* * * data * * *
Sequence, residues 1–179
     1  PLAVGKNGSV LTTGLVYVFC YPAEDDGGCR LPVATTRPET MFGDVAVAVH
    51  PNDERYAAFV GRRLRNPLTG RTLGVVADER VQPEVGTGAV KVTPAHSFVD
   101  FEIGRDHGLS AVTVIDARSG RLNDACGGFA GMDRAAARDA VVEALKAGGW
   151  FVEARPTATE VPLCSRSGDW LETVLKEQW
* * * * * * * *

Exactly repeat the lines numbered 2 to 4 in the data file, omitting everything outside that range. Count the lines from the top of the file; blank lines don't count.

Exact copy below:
     1  PLAVGKNGSV LTTGLVYVFC YPAEDDGGCR LPVATTRPET MFGDVAVAVH
    51  PNDERYAAFV GRRLRNPLTG RTLGVVADER VQPEVGTGAV KVTPAHSFVD
   101  FEIGRDHGLS AVTVIDARSG RLNDACGGFA GMDRAAARDA VVEALKAGGW